Samsung's Galaxy S10 Android flagship is code-named "Beyond," South Korean outlet The Bell reports, citing people close to the Seoul-based tech giant. The moniker is said to pertain to the upcoming lineup as a whole, much like the Galaxy S9 series was code-named "Star," whereas the Galaxy S8 family was internally referred to as "Dream." Samsung already started informing its suppliers that it's planning on equipping the Galaxy S10 and Galaxy S10 Plus with an in-screen fingerprint reader, as per the same report. The solution is said to have been jointly developed by Qualcomm, Synaptics, and Ezestek, though Samsung is reportedly yet to decide on the supplier meant to provide it with a large volume fingerprint sensors suitable for residing beneath the display of its upcoming devices.
Due to the highly experimental nature of the technology that has so far only been commercialized by Chinese companies Vivo and Huawei in limited quantities, Samsung may end up opting for multiple sensor vendors so as to minimize the chances of manufacturing issues due to sudden yield rate drops. While the Galaxy S10 lineup won't be the first to ship with such a scanner and several similar devices are expected to hit the market later this year, it's likely to break both shipment and sales records in the context of smartphones with in-screen fingerprint readers. Though many industry watchers were expecting Samsung to push for a radical product redesign with the Galaxy S10 lineup, recent reports suggest that won't be the case and that the series will be visually similar to the Galaxy S9 family, thus launching as the third generation of Infinity Display-equipped Android flagships from the world's largest phone manufacturer.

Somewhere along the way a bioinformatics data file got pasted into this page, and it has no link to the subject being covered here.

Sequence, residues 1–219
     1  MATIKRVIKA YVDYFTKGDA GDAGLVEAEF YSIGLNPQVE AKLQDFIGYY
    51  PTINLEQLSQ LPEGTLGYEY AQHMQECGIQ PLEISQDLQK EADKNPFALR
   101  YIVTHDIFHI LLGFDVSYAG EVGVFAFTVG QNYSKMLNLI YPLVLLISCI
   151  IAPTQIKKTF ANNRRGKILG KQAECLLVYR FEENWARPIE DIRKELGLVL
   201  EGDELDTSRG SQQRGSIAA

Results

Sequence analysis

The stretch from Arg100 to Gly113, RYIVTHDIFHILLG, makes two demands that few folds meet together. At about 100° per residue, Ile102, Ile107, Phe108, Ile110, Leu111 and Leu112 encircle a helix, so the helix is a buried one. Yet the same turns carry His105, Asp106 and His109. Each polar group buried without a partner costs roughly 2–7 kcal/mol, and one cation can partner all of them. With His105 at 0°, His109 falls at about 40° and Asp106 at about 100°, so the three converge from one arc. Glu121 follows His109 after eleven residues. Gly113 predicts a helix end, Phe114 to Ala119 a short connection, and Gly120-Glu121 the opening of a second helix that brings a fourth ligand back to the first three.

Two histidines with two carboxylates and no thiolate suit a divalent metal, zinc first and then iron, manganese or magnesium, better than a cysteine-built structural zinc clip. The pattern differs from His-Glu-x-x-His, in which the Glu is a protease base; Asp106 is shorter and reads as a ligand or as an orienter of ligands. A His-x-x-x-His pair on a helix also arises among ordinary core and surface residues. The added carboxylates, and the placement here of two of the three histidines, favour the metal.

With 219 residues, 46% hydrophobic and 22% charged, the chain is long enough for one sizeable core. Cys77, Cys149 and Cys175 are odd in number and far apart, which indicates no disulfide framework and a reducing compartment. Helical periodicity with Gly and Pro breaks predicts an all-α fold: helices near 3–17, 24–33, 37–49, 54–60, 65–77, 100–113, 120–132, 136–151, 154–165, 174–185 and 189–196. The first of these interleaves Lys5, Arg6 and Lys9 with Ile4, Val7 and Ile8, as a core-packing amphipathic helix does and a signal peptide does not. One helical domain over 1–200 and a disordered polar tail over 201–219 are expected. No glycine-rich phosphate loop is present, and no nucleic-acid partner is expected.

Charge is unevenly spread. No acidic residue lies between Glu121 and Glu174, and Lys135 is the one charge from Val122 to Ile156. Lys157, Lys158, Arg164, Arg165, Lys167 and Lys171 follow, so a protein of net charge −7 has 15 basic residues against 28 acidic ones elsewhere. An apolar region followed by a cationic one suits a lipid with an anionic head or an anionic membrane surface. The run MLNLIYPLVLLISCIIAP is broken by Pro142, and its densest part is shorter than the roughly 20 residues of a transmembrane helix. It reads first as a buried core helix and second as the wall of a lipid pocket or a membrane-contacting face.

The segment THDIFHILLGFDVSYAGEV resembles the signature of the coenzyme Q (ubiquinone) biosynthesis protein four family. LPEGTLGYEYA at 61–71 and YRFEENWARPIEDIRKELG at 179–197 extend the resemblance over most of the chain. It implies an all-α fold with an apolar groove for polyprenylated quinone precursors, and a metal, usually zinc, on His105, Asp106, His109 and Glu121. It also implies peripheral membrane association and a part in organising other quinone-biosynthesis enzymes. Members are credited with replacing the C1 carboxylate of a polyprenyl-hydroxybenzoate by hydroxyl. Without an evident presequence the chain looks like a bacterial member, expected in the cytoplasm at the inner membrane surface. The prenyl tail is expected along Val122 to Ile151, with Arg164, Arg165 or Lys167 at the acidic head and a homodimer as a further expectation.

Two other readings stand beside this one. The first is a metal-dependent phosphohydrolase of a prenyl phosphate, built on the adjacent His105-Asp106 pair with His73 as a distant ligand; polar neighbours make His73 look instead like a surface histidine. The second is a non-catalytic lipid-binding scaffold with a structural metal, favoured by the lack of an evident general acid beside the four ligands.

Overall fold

While the Galaxy S10 and Galaxy S10 Plus are likely to lack a display notch, Samsung may have found a way to integrate a 3D camera akin to that of Apple's iPhone X into its products regardless, though the newest report claims that the company still hasn't greenlit the feature and remains uncertain about whether to implement it. The OEM may be reluctant to embrace the technology given how doing so would either eat into its profit margin or force it to raise the introductory price of the Galaxy S10 series in a significant manner, with recent estimates suggesting a single 3D camera unit raises the manufacturing cost of a single contemporary handset by up to $50. The Galaxy S10 and Galaxy S10 Plus are expected to be Samsung's first 5G-ready smartphones and are likely to be announced in the first quarter of 2019, about a year after their predecessors debuted at the last iteration of Barcelona, Spain-based Mobile World Congress.